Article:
A Society of Excess

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Status: In Progress  |  Genre: Non-Fiction  |  House: Booksie Classic

A Society of Excess



Once upon a time, there was little to recycle, and people gave their well-worn linens and clothing to the ragman, who sold them for a few cents for a bundle. 


Good woollen items were resized for young men and boys, coats for girls, and nothing was thrown away.  During the depression, flour sacks were made into shirts and blouses. People had two outfits, one for work and one for church if they were lucky.


Now, we live in a society that encourages excess.  We have outfits for every occasion and activity that we do.  This is encouraged by online shopping and the availability of credit.


Materialism has become an addiction.  Holidays that used to be sacred such as Thanksgiving and Christmas, are now opportunities to shop for bargains. 


We are brain-washed into thinking we need all this by advertising, pop-ups, and subtle cues on the internet.  We think we need the silverplate and extravagance in everything.


Now, how do we dispose of all this excess when we have grown tired of it? Ideally, we will give it to a charity, for a second use. The textiles are of such poor quality, it is not worth the time and energy to alter, remodel, and reuse within the family or neighbourhood,


We encourage swap meets, hand them to others in need, but there is still much that is unfit, is of poor quality, and what do we do with these items?



Photo byEtienne Girardet onUnsplash


We’ll have to find a way to recycle it.  In the United States, much of the excess can be recycled. Only 15% of textiles are donated for reuse, and much still goes into the landfill. In one state alone 96,500 tons of textiles are disposed of. This costs taxpayers $5.7 million in unnecessary disposal tipping fees at $60/ton.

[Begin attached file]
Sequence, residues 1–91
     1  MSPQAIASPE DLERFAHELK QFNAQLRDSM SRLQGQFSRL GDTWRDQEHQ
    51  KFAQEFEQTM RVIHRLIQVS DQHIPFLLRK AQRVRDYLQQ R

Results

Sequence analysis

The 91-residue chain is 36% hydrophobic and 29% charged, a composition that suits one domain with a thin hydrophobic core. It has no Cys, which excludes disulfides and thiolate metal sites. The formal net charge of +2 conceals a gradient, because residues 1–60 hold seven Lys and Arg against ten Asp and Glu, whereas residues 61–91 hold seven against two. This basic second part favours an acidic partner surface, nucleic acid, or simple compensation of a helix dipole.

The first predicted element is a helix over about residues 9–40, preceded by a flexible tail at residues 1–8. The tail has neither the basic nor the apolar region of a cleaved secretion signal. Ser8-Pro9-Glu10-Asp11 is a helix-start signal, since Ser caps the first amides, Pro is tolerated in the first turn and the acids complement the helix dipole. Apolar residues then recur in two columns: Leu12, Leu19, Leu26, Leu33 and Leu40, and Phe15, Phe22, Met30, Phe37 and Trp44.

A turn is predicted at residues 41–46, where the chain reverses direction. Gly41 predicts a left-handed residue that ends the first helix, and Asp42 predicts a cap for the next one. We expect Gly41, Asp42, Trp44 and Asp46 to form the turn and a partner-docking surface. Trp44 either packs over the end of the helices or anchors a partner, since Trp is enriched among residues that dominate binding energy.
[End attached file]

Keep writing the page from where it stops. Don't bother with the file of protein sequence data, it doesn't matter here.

The material makes up about 4% of the state waste stream. It is  Connecticut in this case. It includes 74% of textiles from residential sources and 26 % from non-residential sources. We must learn to recycle in a manner that is cost-efficient and can benefit the community’s needs. 


Almost all items can be recycled. Obvious is clothing, but textiles including bedding, backpacks, curtains, towels, stuffed animals, gloves, belts, ties, handbags, shoes, slippers, undergarments and even holey socks. Items that can’t be sold as-is, can be used for rags before use for recycled fibres. 


We need to rethink the volume of that which we really need and curb the amount of debt we accumulate, by thinking about what we buy and buying items that will last for many years instead. 


We need to think about our needs and stop trying to “Keep up with the Jones”.  How much money can we save for something that is REALLY important to us?


We should not let materialism become a leisure pastime and an addiction. The planet will thank you for your common sense. 



Shirley Langton 2020


Submitted: November 29, 2020

© Copyright 2021 Shirley M. Langton. All rights reserved.

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